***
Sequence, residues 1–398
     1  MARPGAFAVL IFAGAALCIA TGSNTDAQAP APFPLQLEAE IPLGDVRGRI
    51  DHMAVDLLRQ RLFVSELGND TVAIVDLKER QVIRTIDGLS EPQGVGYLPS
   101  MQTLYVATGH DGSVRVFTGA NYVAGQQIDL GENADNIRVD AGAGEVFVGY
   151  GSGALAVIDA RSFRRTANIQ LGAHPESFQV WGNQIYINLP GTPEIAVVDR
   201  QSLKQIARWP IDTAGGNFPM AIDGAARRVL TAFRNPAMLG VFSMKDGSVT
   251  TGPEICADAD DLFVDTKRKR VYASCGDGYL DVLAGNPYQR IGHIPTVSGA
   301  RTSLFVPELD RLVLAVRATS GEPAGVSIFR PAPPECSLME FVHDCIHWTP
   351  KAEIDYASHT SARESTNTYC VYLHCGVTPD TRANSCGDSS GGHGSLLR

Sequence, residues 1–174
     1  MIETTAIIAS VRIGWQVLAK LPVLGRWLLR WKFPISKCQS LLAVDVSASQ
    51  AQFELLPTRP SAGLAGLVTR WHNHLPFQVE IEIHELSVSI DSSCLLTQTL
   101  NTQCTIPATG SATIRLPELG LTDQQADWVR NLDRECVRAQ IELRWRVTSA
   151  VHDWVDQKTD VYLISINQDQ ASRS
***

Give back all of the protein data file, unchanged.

Sequence, residues 1–398
     1  MARPGAFAVL IFAGAALCIA TGSNTDAQAP APFPLQLEAE IPLGDVRGRI
    51  DHMAVDLLRQ RLFVSELGND TVAIVDLKER QVIRTIDGLS EPQGVGYLPS
   101  MQTLYVATGH DGSVRVFTGA NYVAGQQIDL GENADNIRVD AGAGEVFVGY
   151  GSGALAVIDA RSFRRTANIQ LGAHPESFQV WGNQIYINLP GTPEIAVVDR
   201  QSLKQIARWP IDTAGGNFPM AIDGAARRVL TAFRNPAMLG VFSMKDGSVT
   251  TGPEICADAD DLFVDTKRKR VYASCGDGYL DVLAGNPYQR IGHIPTVSGA
   301  RTSLFVPELD RLVLAVRATS GEPAGVSIFR PAPPECSLME FVHDCIHWTP
   351  KAEIDYASHT SARESTNTYC VYLHCGVTPD TRANSCGDSS GGHGSLLR

Sequence, residues 1–174
     1  MIETTAIIAS VRIGWQVLAK LPVLGRWLLR WKFPISKCQS LLAVDVSASQ
    51  AQFELLPTRP SAGLAGLVTR WHNHLPFQVE IEIHELSVSI DSSCLLTQTL
   101  NTQCTIPATG SATIRLPELG LTDQQADWVR NLDRECVRAQ IELRWRVTSA
   151  VHDWVDQKTD VYLISINQDQ ASRS